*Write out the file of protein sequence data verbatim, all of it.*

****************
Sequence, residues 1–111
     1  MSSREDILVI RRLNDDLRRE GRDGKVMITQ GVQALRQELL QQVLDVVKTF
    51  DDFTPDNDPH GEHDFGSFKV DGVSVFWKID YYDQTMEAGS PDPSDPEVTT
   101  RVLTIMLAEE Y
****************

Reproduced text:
Sequence, residues 1–111
     1  MSSREDILVI RRLNDDLRRE GRDGKVMITQ GVQALRQELL QQVLDVVKTF
    51  DDFTPDNDPH GEHDFGSFKV DGVSVFWKID YYDQTMEAGS PDPSDPEVTT
   101  RVLTIMLAEE Y